We all know that Igor’s LAB and reliable measurement technology go together like a riot and it still captures the meaning quite well. I, Bernhard from CrankzWare, was consulted by Igor and asked for practical help to jointly develop a measurement prototype as a TDP simulator and, as it were, to bring it into the world in real existence. Of course, I like to support my dear friend with expertise and manufacturing know-how, so that this project was not only a lot of fun in the end, but also cost a lot of nerves – just as it should be for a demanding project. Otherwise life would be dull and boring.
But what are we talking about now, specifically? Igor would like to test cooling components and heat conduction media, whether air- or water-bound, reliably and also reproducibly. The primary focus of this project is the precise control of the waste heat in watts, and secondarily, of course, the traceability and suitability for use in a laboratory environment. In short, it is a matter of converting electrical energy into thermal energy. What is particularly exciting about this project is that I have to intentionally emit exactly what chips actually only emit as an annoying side effect, namely heat.
The following maxims were prescribed for me as specifications:
- Safe operation
- High load capacity
- Accurate measurement tolerances (</=1%)
- High reproducibility of all tests
- Scalability and editability of the superstructures
- Predefined TDP levels for common waste heat classes with fine tuning
- Universal attachment to enable a wide range of measurements, even across divisions
Since I’m not a metalworker and I’m sure I never will be, Igor will (have) further developed and manufactured the more advanced work such as special support surfaces for heat conducting pads with special sensors and pressure adjustment. My part is that of a heat sling as accurate as possible as a reliable and durable base. The rest is then a pure accessory development and not my thing anymore. But also the construction of the heating station has become a bit trickier than initially thought. But I don’t want to get ahead of myself.
When electricity is to be converted into heat, one always thinks first of the temperature resistance of possible components and assemblies. Of course, in this context I decided to use an aluminium housing, because a thermal decoupling between heater core and housing can never really be 100% successful. The next thought was then how to make this prototype safe in operation. The answer is quite simple, at least with functioning building services: An input fuse, as well as a decent grounding of the housing are the usual minimum requirements.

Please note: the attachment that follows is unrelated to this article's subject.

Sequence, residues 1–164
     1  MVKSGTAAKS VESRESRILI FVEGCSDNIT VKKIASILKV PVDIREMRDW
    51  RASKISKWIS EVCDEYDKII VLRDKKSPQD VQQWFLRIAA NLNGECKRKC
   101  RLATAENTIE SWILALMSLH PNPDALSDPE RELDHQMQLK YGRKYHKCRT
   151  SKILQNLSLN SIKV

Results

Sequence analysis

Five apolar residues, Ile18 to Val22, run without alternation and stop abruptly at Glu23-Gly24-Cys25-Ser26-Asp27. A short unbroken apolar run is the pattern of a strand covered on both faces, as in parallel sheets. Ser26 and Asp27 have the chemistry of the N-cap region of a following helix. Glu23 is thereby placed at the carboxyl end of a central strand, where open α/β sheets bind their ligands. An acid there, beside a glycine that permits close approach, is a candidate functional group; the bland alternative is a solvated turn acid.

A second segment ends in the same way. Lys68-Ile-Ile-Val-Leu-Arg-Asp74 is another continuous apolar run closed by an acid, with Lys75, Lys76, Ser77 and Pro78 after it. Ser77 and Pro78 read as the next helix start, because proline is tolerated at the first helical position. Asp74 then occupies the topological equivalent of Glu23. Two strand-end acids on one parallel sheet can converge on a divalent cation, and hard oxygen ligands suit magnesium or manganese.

We continue with the general electronics: We use power supply modules that convert our 230V alternating current to 12V direct current. The heater core will then use this 12V to efficiently convert electricity into heat. There are two basic ideas here: either use heater cartridges to fire the heater core, or load resistors. Both should work, but in the end I decided for the second one, the reason you will find out later.
Most of the work is done by the control system. This should be fast, precise and comprehensible. Of course it is good in the first step if we have thought out the energy conversion in general, but performance without control is also worth nothing. Since we are dealing exclusively with heating cartridges or load resistors as “consumers”, my solution is: power amplifier, PWM controlled on low-side.
Since the status and the settings of the device have to work quickly and reliably even in rough environments (and because my software developer is on his last legs in terms of capacity), we stick to analog technology here. Of course, a programmable display would also be a good idea, but that would require a lot more development time, so in this case, LEDs and a potentiometer, as well as a few illuminated LCDs will do for now.
I had my fun planning and assembling it, you have it now (hopefully) reading it. And I can promise you now, it will certainly be interesting and anything but too theoretical and boring. We are still craftsmen and developers, not politicians 🙂